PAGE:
December 21, 2008
Greater sandhill cranes overhead
Every winter cranes and snow geese migrate from Montana, Idaho, Canada, and Alaska to Bosque del Apache, a National Wildlife Refuge in Central New Mexico. For the past twenty-one years the refuge has celebrated the bird migration with a Festival of the Cranes. People travel from around the state (and country) to see the Southwest skies fill with birds. The festival lasts a week and includes educational stands, social gatherings, tours, hikes, and speakers on natural history and the environment. For this one week the small town of Socorro becomes overrun with birders, scientists, and tourists. The name of the refuge, Bosque del Apache, translates to ‘Woods of the Apache’: the Apaches used to camp here, under cottonwood trees near freshwater.
Thousands of snow geese. Photo by Thomas Christie
To resurrect the wetlands, park staff built canals and water systems that mimicked the natural processes of the Rio Grande before it was dammed, creating fields where native plants and animals flourish. The refuge also serves local agriculture. Today, local farmers grow alfalfa and corn on the refuge; the farmers harvest the alfalfa and leave the corn for the many bird species. Cottonwoods, once prevalent along the river and its watersheds, are now being planted again and carefully tended. The refuge is an excellent example of how devoted work and sound science can transform degraded landscape to a close approximation of its original state, serving both wildlife and humans.
Sandhill cranes take to the sky as the sun rises.
Sandhill crane readying for takeoff. Photos by Thomas Christie
And then it happened: the snow geese came first. The honking of thousands of birds reverberated across the refuge, the din rose, and then suddenly the entire scene from one end of the refuge to another was blurred with white feathers. I have been fortunate enough to watch wildlife in Kenya, Peru, Guyana, and Suriname, yet have never seen a flock to compare to this. In fact, the snow goose is notable for being one of the few species whose population has actually rose over the past few decades, their numbers tripling since the 1970s.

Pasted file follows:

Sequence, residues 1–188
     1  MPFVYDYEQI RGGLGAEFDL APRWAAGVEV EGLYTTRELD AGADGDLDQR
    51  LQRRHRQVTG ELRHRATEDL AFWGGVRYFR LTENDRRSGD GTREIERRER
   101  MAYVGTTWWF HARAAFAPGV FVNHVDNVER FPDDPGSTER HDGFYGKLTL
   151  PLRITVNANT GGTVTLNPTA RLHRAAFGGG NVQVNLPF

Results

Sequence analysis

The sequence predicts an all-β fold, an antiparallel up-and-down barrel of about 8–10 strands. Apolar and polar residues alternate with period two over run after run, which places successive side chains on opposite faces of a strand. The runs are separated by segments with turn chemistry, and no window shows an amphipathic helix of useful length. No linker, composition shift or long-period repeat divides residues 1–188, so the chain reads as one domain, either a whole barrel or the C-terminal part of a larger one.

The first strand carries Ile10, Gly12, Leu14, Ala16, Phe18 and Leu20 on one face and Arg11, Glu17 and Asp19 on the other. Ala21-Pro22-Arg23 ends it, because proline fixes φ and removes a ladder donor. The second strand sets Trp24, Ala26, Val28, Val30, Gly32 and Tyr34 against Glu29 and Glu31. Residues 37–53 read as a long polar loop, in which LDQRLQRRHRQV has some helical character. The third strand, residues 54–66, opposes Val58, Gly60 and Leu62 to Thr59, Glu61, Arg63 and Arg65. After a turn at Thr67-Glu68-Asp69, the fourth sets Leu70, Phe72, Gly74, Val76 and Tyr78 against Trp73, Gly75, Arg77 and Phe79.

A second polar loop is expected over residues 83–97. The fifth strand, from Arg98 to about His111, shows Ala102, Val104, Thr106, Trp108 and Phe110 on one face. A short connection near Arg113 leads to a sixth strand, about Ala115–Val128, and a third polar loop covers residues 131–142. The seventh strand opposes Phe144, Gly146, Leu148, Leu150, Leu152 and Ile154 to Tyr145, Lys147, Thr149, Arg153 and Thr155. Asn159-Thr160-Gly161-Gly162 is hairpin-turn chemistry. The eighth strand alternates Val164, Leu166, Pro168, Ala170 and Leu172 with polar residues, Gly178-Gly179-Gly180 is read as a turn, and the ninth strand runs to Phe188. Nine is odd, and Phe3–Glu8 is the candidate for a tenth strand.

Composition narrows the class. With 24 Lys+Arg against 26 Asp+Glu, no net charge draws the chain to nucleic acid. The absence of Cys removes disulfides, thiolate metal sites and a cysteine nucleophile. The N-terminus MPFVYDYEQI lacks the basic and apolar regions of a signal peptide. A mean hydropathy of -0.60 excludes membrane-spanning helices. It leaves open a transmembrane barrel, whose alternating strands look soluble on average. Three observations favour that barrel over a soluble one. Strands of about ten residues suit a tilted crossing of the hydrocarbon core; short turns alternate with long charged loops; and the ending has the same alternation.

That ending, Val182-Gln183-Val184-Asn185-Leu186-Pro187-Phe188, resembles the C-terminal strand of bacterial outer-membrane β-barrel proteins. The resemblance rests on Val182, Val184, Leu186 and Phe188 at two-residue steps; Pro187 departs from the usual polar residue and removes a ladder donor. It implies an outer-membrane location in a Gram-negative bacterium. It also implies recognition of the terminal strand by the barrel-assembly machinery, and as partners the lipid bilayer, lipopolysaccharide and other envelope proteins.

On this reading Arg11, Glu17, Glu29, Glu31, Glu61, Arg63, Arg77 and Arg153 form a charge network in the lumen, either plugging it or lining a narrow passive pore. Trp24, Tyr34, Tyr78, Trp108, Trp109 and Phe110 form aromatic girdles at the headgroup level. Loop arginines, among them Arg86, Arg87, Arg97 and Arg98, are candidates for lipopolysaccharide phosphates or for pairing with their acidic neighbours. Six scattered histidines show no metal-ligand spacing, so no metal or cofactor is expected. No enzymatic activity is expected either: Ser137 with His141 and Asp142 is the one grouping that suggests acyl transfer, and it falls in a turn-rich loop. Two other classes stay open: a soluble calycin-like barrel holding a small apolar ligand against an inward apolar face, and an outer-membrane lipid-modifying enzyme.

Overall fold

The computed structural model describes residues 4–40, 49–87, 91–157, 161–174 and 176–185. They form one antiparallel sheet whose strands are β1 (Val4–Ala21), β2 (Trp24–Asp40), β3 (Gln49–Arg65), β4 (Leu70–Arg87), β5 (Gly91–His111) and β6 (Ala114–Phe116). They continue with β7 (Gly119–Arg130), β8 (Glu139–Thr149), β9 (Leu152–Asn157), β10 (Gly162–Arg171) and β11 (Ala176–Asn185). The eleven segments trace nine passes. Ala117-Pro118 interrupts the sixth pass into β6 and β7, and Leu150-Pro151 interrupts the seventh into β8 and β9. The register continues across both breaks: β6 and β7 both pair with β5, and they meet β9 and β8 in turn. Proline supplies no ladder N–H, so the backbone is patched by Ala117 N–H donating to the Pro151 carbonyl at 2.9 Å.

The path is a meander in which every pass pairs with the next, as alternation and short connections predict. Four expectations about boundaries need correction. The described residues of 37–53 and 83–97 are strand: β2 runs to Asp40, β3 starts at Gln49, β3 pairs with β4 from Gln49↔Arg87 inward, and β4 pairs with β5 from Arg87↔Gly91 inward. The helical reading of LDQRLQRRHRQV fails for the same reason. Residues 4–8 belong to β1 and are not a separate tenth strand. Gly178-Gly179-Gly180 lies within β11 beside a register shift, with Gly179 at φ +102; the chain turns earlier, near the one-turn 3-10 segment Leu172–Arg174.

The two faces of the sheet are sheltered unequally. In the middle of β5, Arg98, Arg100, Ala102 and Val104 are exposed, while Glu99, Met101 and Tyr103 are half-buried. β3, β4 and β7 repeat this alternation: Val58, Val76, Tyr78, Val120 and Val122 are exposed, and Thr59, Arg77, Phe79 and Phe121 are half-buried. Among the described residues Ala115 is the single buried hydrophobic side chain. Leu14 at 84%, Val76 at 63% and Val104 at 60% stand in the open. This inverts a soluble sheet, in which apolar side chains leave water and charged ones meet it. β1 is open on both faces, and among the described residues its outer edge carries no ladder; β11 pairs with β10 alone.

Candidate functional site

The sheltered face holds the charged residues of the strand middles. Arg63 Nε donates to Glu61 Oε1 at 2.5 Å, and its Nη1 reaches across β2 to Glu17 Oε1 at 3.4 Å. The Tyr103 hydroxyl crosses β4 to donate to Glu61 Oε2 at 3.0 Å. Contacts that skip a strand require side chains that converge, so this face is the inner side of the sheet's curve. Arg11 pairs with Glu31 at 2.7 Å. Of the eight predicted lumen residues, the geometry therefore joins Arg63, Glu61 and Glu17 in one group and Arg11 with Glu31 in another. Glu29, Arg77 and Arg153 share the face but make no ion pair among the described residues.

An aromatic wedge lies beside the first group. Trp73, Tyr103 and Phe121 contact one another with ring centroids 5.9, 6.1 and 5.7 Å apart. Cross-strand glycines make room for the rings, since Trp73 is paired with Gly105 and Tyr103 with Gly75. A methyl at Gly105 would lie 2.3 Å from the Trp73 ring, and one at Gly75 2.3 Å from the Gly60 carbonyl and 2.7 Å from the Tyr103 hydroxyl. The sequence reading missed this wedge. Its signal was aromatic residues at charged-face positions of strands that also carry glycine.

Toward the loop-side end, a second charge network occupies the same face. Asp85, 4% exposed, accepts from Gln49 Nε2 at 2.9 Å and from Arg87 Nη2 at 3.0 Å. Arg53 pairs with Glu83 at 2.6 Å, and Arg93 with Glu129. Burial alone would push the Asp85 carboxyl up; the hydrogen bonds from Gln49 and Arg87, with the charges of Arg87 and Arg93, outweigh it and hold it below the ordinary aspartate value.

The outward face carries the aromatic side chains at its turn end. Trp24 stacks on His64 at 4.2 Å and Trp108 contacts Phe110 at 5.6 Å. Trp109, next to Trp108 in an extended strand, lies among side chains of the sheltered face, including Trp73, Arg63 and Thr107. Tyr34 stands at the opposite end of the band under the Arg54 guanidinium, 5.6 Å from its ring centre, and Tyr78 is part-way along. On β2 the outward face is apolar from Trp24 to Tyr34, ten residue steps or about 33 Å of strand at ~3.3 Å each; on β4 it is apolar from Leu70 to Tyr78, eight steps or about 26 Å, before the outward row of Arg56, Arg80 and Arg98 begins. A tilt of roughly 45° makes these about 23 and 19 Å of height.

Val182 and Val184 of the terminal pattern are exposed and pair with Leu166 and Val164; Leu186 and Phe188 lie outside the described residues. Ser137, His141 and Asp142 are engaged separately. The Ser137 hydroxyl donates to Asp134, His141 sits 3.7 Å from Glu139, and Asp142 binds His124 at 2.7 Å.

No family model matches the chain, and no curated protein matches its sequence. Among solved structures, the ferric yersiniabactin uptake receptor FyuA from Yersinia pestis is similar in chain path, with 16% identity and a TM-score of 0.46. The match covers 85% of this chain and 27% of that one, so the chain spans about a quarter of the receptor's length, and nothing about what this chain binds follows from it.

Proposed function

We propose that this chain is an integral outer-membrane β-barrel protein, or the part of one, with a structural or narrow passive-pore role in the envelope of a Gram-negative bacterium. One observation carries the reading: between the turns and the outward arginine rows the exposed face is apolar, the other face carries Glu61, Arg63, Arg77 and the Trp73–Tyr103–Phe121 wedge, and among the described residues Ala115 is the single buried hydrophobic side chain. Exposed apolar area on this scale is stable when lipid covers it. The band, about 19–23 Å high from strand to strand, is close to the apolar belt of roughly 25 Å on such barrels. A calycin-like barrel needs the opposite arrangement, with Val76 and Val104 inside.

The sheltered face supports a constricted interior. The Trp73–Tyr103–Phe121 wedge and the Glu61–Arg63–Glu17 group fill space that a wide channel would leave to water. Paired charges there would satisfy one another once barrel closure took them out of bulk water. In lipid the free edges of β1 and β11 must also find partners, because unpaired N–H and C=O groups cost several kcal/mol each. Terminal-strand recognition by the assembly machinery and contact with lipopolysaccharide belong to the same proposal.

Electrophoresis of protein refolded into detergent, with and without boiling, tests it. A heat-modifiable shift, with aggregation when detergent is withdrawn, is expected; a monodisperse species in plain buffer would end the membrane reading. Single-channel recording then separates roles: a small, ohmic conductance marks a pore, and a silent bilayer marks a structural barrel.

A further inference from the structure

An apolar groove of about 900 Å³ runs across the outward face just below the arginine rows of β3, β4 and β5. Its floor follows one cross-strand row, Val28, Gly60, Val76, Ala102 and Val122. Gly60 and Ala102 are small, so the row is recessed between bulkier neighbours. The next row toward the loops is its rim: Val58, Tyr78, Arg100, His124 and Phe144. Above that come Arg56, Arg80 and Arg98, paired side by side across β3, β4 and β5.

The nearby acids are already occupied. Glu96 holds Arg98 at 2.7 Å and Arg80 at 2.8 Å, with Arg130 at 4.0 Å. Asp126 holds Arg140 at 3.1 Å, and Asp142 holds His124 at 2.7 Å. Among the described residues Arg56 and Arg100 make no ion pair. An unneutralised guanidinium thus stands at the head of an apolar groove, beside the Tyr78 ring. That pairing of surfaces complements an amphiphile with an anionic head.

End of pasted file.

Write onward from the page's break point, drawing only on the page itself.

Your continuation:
Cranes in silhouette.
A multitude of ducks taking advantage of Bosque del Apache's wetlands. Photos by Thomas Christie
The festival is held every year in November. You can register for the festival and specific activities on-line: friendsofthebosque.org/crane. Booking a hotel in advance is probably your best option, considering Socorro becomes pretty busy during festival week. Don’t forget to book activities in advance, too. There are excellent speakers, guided hikes, tours, and more.
Sandhill crane foraging.
A smooth landing.
Sandhill cranes in flight. Photos by Thomas Christie
Another Crane Festival is held in Monte Vista, CO in March. The cranes from Bosque del Apache stop in Monte Vista on their way north. For more information: CraneFest.com
On our trip we had the good fortune of seeing two bobcats confronting each other, in addition to coots, wild turkeys, raptors, Canada geese, a variety of ducks, and of course snow geese and sandhill cranes. Other animals that frequent Bosque del Apache are red-tailed hawks, bald and golden eagles, coyote, beaver, porcupine, and mule deer.
Bring your best camera, binoculars, and warm clothes—the desert is very cold in the early morning.